The ex-Jack Lemon Burton and Ken Hutchinson
1926 BUGATTI TYPE 37 GRAND PRIX TWO SEATER
Registration No. UF 2314
Chassis No. 37226
Engine No. 125
Blue with blue leather interior
Engine: four cylinder in-line, single overhead camshaft three valves per cylinder, 69mm by 100mm, 1,496cc, 70bhp at 4,200rpm, twin Solex carburetors; Gearbox: four speed with outside change; Suspension: half elliptic leaf springs to beam front axle, reversed quarter elliptics to live rear axle, friction dampers; Brakes: mechanical operated four wheel drum. Right hand drive.
Ettore Bugatti was one of the most remarkable manufacturers in the history of the automobile, particularly when one considers that he had no formal technical or engineering training. He had the rare gift of an instinctive knowledge of what was right and the capability to organise others to produce his designs and ideas.
In 1926 Ettore Bugatti decided to replace his highly successful 1.5 litre Brescia racer with a new car based on the existing eight cylinder Type 35 racing chassis. The new Type 37's Grand Prix body was identical to that of the type 35, the only external difference being the use of wire wheels. Its four cylinder 12-valve engine was similar to earlier Bugatti designs; utilising one exhaust and two inlet valves but the crankshaft was a new departure with five plain bearings and circular webs without balance weight. Nimble and relatively cheap to maintain in racing trim, the Type 37 was a popular and successful racing mount through the second half of the 1920s, especially in the hands of privateers. It was used all over the world in voiturette events and it is documented that Jack Fielding even induced a Type 37 to lap Brooklands at 107mph in 1930.
Chassis No. 37226 was delivered to the London Brixton Road agent, Malcolm Campbell on November 23rd 1926 with a batch of three other Type 37s. It was registered UF 2314 for road use by a Mr Moore of Brighton on 12th July 1927.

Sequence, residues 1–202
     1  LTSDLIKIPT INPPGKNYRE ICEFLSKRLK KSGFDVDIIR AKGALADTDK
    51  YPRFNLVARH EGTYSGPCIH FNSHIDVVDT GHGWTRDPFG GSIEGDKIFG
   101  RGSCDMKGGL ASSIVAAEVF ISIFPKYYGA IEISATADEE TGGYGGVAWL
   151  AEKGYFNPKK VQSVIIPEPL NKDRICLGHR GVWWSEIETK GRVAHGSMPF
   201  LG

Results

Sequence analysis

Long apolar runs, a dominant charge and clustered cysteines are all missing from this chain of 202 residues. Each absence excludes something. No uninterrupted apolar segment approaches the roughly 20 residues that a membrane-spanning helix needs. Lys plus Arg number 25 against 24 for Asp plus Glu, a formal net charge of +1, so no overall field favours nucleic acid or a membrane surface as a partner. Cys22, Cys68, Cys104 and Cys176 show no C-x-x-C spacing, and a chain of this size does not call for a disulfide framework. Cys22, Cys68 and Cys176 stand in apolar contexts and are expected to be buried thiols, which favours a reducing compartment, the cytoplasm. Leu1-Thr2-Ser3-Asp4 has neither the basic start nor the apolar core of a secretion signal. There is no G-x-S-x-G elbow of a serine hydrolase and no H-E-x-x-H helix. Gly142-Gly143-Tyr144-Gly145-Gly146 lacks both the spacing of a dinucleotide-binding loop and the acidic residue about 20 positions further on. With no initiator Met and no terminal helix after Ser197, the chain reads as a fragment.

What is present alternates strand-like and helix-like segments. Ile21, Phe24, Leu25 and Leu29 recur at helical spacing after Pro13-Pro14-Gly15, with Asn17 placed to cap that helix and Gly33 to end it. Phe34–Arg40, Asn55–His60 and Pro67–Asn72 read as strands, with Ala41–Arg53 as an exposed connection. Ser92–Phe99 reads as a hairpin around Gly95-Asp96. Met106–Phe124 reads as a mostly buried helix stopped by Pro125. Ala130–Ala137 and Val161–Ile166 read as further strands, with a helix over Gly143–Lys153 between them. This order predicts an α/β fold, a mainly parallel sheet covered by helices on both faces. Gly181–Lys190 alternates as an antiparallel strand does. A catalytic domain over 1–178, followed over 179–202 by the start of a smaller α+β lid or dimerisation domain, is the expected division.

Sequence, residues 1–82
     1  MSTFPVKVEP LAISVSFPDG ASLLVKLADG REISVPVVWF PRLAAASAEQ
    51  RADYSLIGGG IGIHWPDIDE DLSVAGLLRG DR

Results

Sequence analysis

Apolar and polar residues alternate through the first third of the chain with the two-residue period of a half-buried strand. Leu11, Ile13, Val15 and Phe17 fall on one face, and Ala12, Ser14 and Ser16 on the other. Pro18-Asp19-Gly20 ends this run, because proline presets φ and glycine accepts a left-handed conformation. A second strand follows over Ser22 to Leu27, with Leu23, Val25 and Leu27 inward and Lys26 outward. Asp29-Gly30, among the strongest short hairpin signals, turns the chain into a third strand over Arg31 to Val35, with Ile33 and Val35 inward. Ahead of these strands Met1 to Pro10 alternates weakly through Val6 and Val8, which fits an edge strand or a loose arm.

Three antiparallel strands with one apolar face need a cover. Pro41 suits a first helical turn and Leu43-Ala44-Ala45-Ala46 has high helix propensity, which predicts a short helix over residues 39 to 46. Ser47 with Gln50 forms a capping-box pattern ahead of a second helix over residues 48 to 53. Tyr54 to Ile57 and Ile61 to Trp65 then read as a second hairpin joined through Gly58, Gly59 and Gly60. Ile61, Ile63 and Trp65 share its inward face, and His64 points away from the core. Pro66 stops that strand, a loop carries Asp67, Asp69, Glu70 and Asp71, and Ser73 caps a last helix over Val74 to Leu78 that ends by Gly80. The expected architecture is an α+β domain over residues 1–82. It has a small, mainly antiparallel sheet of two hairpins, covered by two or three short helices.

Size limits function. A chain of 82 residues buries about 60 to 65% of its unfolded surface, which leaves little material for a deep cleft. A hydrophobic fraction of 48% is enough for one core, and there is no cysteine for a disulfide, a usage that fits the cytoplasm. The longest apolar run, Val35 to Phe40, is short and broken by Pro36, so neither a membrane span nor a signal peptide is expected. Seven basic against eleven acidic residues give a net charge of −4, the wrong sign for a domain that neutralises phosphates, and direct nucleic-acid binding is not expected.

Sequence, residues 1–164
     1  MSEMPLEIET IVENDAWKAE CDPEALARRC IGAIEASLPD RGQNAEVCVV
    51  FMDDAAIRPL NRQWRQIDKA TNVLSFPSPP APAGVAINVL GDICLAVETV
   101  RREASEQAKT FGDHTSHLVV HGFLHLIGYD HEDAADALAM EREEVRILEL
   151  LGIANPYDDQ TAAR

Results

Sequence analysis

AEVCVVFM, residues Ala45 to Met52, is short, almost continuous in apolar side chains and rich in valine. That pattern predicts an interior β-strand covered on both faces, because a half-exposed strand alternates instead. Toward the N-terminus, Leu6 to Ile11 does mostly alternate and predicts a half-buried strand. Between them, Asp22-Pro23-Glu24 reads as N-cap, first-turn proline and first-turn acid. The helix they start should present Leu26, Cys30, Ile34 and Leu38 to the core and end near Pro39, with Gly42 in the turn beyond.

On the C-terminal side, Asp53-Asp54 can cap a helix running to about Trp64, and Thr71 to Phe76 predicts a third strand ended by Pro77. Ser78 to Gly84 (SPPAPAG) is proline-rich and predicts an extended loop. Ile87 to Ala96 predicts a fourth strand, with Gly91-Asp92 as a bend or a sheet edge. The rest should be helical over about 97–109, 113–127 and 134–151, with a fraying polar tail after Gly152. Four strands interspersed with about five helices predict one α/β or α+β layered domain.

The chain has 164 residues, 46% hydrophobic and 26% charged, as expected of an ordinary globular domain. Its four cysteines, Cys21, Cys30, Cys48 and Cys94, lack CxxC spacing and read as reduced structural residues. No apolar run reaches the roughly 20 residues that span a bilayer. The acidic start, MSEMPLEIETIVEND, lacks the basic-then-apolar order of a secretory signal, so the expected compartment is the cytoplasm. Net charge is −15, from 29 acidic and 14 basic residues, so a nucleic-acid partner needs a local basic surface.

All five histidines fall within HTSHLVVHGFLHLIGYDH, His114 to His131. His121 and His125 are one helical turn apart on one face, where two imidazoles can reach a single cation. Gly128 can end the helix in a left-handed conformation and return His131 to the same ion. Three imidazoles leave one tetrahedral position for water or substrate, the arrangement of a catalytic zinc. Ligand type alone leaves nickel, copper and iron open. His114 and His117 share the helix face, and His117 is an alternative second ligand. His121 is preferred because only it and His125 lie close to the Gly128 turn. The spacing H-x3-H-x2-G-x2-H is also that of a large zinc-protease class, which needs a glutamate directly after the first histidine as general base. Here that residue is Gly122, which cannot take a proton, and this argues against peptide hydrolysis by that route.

In 1929 Jack Lemon Burton, a founder member of the Bugatti Owners Club and well known Bugatti personality in the UK, purchased the car for £200. It was his second Bugatti following an early racing Brescia. Jack Lemon Burton's first competitive event in the car was the 1931 Bugatti Owners Club hillclimb at Chalfont St. Peter and driving with a little too much enthusiasm, he bounced off a small tree thus providing a famous Bugatti image (as illustrated). He was later to claim that on occasion he was able to reach the magic 100mph barrier in the car.
The next owner was the famous racing driver Ken Hutchinson, arguably known best for racing an Alfa Romeo P3. Whilst in his ownership the most notable result for UF 2314 was at Donington in 1933 when he set a new 10-lap class record in the car (by this stage the car had acquired the 19 inch wheels and aero screen it still wears today). It was next purchased by John Ching, then post war by J.H. Pratt, who won the Bugatti race at Silverstone two years running in 1950 and 1951. Various illustrations from this period survive on file, showing some pre war upgrades, such as the fitment of twin carburetors and Scintilla Magneto ignition, both of which no doubt contributed to the car's performance. The next owner was W. Berry, and then in the late 1950s it was bought by Philip Mann who competed the car successfully in V.S.C.C. events. In 1964 it was sold to Joseph Murcott who did not use it extensively and when he passed away in 1985 the car was inherited by his son Alan. A few years later the car was overhauled and thoroughly checked over by Bugatti specialist Ivan Dutton and receipts on file document this rebuild which retained all the original parts. In 1995 it was sold to John Gurney who lightly used the Bugatti both on the road and in competition. In 2001 it was sold to the current owner who has kept UF 2314 well maintained and used it for both mild competition and continental touring.
Very few Grand Prix Type 37 Bugattis have survived so well and this highly authentic example has both an interesting continuous ownership record and a very well documented restoration. To this day the car remains remarkably original in all respects, retaining its original chassis, engine, front and rear axles, gearbox and coachwork. There are very few Grand Prix Bugattis which retain such a high proportion of their original components and therefore this must rank amongst the most desirable of its type.
Highly eligible for a host of vintage events, UF 2314 is presented in race/road ready condition and by the date of sale a fresh MOT will accompany the car. In addition a spare block, the original gearbox-cover (changed to accept a starter motor) and full touring equipment including cycle wings, full width windscreen and tonneau cover accompany this lot.
This year marks the 70th anniversary of the first car race at Donington and with its proud association with the venue UF 2314 could make a welcome return to the celebrations on June 21st/22nd.